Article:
( Originally Published Early 1900's )
When you are in a foreign country, reduced to the condition of a deaf-mute, you can not but curse the memory of him who conceived the idea of building the tower of Babel, and by his pride brought about the confusion of tongues! An " omnibus took possession of myself and my trunks, and, with the feeling that it must of necessity take me somewhere, I confidingly allowed myself to be stowed in and carried away. The intelligent omnibus set me down before the best hotel in the town, and there, as circumnavigators say in their journals, "I held a parley with the natives." Among them was a waiter who spoke French in a way that was transparent enough to give me an occasional glimpse of his meaning; and who—a much rarer thing!--even sometimes understood what I said to him.
My name upon the hotel register was a ray of light. The hostess had been notified of my expected arrival, and I was to be sent for as soon as my appearance should be announced; but it was now late in the evening, and I thought it better to wait till the next day. There was served for supper a "chaud-froid" of partridge —without confiture—and I lay down upon the sofa, hopeless of being able to sleep between the two down-cushions which compose the German and the Danish bed.
I explored Schleswig, which is a city quite peculiar in its appearance. One wide street runs the length of the town, with which narrow cross streets are connected, like the smaller bones with the dorsal vertebrae of a fish. There are handsome modern houses, which, as usual, have not the slightest character. But the more modest dwellings have a local stamp; they are one-story buildings, very low—not over seven or eight feet in height—capped with a huge roof of fluted red tiles. Windows, broader than they are high, occupy the whole of the front; and behind 'these windows, spread luxuriantly in porcelain or faience or earthen flower-pots, plants of every description; geraniums, verbenas, fuchsias—and this absolutely `without exception. The poorest house is as well adorned as the best. Sheltered by these perfumed window-blinds, the women sit at work, knitting or sewing, and, out of the corner of their eye, they watch, in the little movable mirror which reflects the streets, the rare passer-by, whose boots resound upon the pavement. The cultivation of flowers seem to be a passion in the north; countries where they grow naturally make but little account of them in comparison.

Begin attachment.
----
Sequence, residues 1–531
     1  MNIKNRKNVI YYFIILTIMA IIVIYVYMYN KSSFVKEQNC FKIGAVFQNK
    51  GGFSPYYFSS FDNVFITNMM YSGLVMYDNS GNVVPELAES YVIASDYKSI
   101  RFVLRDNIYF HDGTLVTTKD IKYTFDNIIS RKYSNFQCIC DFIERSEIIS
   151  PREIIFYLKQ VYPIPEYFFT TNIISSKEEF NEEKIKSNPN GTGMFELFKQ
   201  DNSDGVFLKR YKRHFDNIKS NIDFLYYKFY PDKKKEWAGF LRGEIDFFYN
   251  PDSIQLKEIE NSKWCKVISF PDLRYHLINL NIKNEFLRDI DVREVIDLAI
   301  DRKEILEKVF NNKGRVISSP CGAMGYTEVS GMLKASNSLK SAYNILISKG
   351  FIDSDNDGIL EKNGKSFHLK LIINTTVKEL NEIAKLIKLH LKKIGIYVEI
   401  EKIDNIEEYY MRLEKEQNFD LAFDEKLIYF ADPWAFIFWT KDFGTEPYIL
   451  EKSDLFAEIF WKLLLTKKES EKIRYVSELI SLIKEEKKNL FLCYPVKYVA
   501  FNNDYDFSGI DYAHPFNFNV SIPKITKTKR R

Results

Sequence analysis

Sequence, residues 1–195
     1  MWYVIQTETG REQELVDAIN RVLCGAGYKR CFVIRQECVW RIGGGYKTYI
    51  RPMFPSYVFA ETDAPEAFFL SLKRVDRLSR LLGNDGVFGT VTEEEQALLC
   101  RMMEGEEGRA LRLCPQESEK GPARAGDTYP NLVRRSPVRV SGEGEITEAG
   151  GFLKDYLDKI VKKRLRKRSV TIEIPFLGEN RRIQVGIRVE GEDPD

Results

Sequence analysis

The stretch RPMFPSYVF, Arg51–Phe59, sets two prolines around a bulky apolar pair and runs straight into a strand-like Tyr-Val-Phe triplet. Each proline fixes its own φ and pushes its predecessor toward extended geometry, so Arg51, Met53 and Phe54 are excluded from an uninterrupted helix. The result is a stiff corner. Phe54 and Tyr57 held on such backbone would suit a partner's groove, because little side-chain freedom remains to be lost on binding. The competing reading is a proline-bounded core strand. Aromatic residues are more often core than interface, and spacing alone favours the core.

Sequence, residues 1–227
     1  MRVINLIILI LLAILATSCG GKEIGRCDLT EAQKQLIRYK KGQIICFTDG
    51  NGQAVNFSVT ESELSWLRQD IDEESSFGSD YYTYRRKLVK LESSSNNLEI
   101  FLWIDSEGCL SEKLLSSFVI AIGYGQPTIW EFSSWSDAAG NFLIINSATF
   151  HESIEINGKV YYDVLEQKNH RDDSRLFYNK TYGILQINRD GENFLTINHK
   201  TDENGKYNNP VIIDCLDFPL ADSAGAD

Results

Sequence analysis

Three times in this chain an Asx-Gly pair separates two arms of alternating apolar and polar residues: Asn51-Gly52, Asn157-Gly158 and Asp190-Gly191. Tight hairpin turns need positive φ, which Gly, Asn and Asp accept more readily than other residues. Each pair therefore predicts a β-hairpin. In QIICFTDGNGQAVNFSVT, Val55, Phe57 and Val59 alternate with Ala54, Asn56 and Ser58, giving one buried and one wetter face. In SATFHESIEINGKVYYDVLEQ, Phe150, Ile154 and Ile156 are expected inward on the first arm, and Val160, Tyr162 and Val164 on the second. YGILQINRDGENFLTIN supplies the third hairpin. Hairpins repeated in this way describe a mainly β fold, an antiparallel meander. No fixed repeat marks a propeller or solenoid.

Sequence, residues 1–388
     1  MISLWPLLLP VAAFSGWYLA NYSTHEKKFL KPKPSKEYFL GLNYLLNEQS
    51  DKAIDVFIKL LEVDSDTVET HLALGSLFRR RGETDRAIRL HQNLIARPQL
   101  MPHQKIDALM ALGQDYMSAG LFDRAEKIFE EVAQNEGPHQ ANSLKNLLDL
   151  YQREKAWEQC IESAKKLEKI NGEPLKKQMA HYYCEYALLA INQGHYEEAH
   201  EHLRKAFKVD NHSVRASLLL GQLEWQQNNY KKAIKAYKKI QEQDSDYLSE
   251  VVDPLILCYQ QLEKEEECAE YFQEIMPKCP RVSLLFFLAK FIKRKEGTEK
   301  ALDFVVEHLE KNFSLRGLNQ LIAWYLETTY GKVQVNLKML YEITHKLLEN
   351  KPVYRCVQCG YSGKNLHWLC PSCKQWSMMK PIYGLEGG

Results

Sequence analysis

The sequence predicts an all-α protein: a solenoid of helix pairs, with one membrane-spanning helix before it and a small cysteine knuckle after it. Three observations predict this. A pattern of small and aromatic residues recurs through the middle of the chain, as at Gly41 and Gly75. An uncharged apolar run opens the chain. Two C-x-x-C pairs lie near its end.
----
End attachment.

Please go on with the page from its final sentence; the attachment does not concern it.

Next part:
The church in Schleswig had in store for me a surprise. Protestant churches in general, are not very interesting from an artistic point of view, unless the reformed faith may have installed itself in some Catholic sanctuary diverted from its primitive designation. You find, usually, only whitewashed naves, walls destitute of painting or bas-relief, and rows of oaken benches well-polished and shining. It is neat and comfortable, but it is not beautiful. The church at Schleswig contains, by a grand, unknown artist, an altar-piece in three parts, of carved wood, representing in a 'series of bas-reliefs, separated by fine architectural designs, the most important scenes in the drama of the Passion.
Around the church stand sepulchral chapels of fine funereal fancy and excellent decorative effect. A vaulted hall contains the tombs of the ancient Dukes of Schleswig; massive slabs of stone, blazoned with armorial devices, covered with inscriptions which are not lacking in character.
In the neighborhood of Schleswig are great saline ponds, communicating with the sea. I paced the high-road, remarking the play of light upon this grayish water, and the surface crisped by the wind; occasionally I extended my walk as far as the chateau metamorphosed into a barrack, and the public gardens, a miniature St. Cloud, with its cascade, its dolphins, and its other aquatic monsters all standing idle. A very good sinecure is that of a Triton in a Louis Quinze basin! I should ask nothing better myself.